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Louisiana’s “no-go” governor 

In any state budget crisis, citizens and lawmakers would expect the governor to be working hard to figure out ways to raise money or responsibly trim the sails of government, or both. That's what real governors do. Unfortunately, Louisiana's budget gap for the 2015-2016 fiscal year dwarfs any that has come before it — $1.4 billion and growing. And while Gov. Bobby Jindal is indeed figuring out ways to scare up large sums of money, he's not doing it for the state. He's doing it for himself.

  If anyone doubted Louisiana is just a glimmer in Jindal's rear-view mirror, the governor's recent 10-day trip to Europe put that to rest. Billed as an economic development tour, Jindal's jaunt — much of which was underwritten by taxpayers — was little more than a political ego trip designed to give the governor some foreign policy cred. By the end of the trip, Jindal did little more than embarrass himself and Louisiana on an international stage.

  And all the while, Louisiana's budget nightmare grows worse — with no sign of leadership from Jindal.

  The shameless self-promoter who in 2012 urged the GOP to stop being "the stupid party" apparently has dropped that meme. Nowadays, Jindal rushes in with jingoistic fervor, warning that radical Muslims have established "no-go zones" in England, where, he claims, Islamic law trumps the law of the United Kingdom.

  The British unquestionably would know about such a thing without the help of a laughable wannabe from Baton Rouge. They showed characteristic restraint toward the governor but did not hesitate to unload on Steven Emerson, a Fox News "expert" who had asserted that the city of Birmingham — the second-largest city in England — is now "totally Muslim." British Prime Minister David Cameron rightly called Emerson "a complete idiot." (Many felt the PM's comment applied equally to Jindal.) Emerson retracted the claim, and Fox, which is not known for a slavish devotion to accuracy, apologized on the air — four times.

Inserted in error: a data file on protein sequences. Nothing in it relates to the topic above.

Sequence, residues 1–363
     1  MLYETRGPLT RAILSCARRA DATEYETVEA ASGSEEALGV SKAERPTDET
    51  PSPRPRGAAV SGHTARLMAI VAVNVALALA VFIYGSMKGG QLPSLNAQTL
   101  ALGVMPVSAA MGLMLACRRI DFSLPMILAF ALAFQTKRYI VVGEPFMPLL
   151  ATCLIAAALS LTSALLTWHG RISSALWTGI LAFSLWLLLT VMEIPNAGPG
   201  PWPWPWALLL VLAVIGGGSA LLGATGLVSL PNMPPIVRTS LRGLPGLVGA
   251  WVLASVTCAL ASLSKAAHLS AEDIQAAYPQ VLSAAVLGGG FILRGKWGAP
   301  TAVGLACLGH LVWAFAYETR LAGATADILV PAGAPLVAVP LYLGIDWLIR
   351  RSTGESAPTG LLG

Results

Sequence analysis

All that happened before Louisiana's foreign policy expert made his own "no-go zone" claim — and then doubled down in the days that followed. So what does Jindal know about the UK that its Prime Minister doesn't? Asked for examples of no-go zones, Jindal couldn't cite even one, but he insisted, "I knew that by speaking the truth we were going to make people upset."

Jindal has run a deficit virtually every year he has been in office.

  Chris Cillizza of The Washington Post summed up Jindal's desperate ploy: "He is struggling for political oxygen in a Republican field that includes (or might include) the likes of Mitt Romney and Jeb Bush. So, how do you solve that problem? Throw red meat to the Republican base while simultaneously trolling the left."

  Actually, there's more to it than that. Jindal also used the controversy that followed his speech as a fundraising gimmick (citing the tired trope that he was being picked on by the "liberal media"). Jindal's political action committee (PAC), Stand Up to Washington, quickly fired off an email urging recipients to "tell the liberal media to stop their shameless attacks against Governor Jindal for telling the truth about radical Islam." People who filled out the meaningless "petition" were immediately hit with a donation request for Jindal's PAC.

  If anyone needs money, it's Louisiana, not Bobby Jindal. The governor has spent his entire tenure playing a shell game with state budgets, consistently using one-time funds to cover annual expenditures — all in a vain effort to obscure the fact that his administration has run a deficit virtually every year he has been in office. Now there are literally no more pots of money to razoo, and next fiscal year's projected revenue shortfall is larger than ever at $1.4 billion. With falling oil prices, that figure could easily grow significantly larger.

  Truth is, this self-created budget crisis presents Jindal with an opportunity to show his fiscal chops and burnish his reputation as a skillful chief executive. That, however, would require uncharacteristic boldness, leadership and integrity. No one, not even Jindal's one-time GOP allies in the Legislature, expects that from him. Instead, he's sitting on his hands (except when he extends a hand, palm up, to solicit political contributions), hoping lawmakers will make the tough decisions — after which he'll either take credit for keeping state colleges open — or blame lawmakers for closing them.

  When it comes to boldness, leadership and integrity, Jindal is a "no-go" zone.

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